A few years ago, Philip Rothman took over the Sibelius Blog as most of the Sibelius team headed to Steinberg (I believe that Daniel Spreadbury, who was a part of that group, used to run the Sibelius Blog). Although the Sibelius Blog was never limited to “Sibelius-Only” items, Mr. Rothman writes about music notation in a broader sense. As a result, if you are a person that uses software from other companies/developers, and you haven't followed the Sibelius Blog, you are missing out.
Last week, as MakeMusic announced its transition to go under the umbrella of Peaksware, Mr. Rothman was also given access to the new CEO over MakeMusic, and was able to ask questions that I had not thought of. As I mentioned, the topic for me became more about the people currently employed by MakeMusic, as I have had the opportunity to get to know a number of MakeMusic's staff over the past years. I was very happy to be able to read Mr. Rothman's information about the news.
Today, Mr. Rothman wrote about one of my favorite iOS/Android apps, NotateMe. He did so with feedback from Neuratron's CEO, Martin Dawe–and I really enjoyed reading about Mr. Rothman's experiment with NotateMe. So, go read the article. And if you subscribe to blog feeds (my latest choice of blog feed readers is Feedly), subscribe to the Sibelius Blog so you can read all of his posts!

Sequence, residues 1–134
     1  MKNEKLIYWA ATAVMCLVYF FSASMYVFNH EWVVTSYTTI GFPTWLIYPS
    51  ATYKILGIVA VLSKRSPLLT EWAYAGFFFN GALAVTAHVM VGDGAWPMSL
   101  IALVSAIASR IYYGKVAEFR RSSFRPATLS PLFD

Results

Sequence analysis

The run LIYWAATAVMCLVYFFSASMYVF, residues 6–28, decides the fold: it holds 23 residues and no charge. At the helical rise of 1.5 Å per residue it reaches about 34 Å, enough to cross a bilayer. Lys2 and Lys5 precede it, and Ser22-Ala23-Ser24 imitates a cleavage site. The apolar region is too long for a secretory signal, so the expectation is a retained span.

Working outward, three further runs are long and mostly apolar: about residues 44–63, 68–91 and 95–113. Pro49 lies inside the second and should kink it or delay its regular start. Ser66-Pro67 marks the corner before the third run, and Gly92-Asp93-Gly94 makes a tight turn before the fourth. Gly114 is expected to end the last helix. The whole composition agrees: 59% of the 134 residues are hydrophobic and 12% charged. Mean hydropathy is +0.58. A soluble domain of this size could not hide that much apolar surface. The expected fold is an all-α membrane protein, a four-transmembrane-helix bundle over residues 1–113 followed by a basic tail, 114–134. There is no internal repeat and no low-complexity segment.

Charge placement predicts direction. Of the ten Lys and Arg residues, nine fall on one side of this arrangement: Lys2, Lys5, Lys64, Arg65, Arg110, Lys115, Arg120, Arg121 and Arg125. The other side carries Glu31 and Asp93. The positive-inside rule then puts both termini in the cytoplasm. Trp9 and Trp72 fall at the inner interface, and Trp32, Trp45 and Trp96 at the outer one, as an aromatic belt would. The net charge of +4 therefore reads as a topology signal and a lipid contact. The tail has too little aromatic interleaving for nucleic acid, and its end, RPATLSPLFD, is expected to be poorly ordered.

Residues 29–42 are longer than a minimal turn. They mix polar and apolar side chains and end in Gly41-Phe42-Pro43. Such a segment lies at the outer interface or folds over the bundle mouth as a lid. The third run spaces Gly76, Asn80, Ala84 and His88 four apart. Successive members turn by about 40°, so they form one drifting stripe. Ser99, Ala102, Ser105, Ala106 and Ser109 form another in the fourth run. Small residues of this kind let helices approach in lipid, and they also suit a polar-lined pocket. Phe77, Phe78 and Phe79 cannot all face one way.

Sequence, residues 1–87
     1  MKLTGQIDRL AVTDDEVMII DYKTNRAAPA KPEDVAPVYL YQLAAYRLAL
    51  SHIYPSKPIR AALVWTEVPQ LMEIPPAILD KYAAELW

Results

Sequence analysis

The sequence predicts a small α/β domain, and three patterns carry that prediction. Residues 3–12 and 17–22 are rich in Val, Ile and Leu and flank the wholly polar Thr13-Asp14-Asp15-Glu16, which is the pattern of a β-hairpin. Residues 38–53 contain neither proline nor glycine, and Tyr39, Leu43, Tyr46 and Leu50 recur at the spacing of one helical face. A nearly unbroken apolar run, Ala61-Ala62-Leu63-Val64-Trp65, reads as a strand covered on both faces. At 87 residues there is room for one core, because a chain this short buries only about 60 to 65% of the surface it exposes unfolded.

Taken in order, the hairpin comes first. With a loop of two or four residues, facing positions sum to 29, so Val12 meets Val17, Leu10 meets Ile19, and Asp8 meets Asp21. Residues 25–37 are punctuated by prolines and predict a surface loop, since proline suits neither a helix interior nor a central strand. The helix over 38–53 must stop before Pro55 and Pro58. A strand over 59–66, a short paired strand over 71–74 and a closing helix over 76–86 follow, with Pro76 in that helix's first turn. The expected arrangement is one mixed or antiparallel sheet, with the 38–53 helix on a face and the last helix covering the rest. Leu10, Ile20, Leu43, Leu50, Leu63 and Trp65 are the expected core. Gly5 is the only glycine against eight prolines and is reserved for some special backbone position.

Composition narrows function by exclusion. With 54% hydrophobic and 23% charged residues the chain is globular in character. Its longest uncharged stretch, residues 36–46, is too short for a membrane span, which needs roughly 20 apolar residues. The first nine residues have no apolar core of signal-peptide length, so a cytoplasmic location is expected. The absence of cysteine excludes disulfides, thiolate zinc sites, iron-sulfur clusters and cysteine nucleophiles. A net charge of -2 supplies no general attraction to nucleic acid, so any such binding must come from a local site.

As I talked about scanning in my Technology in Music Education workshop yesterday, I noticed that SmartScore's NoteReader had been released on the App Store on the 15th. The app itself is free, but if you want to export any of the data, you have to pay $9.99 for the premium upgrade.
SmartScore NoteReader is an app that allows you to scan and then play music (for free), and then (as an In-App Purchase) to export data a number of ways (including e-mail and Dropbox) so that you could import that data into SmartScore Pro X2 or any number of music notation programs, such as Finale, Sibelius, MuseScore, and Notion.
SmartScore NoteReader allows you to take a picture(s) of a score, import a picture of a score, or import a PDF to recognize. In comparison, NotateMe's PhotoScore In-App Purchase allows you to take a picture (or a series of pictures) of a score, but importing a picture (on iOS) requires working through other apps, such as Mail. At the moment, NotateMe does not allow you to import a PDF. As a result, in terms of working with existing documents, NoteReader is easier to use than NotateMe/PhotoScore.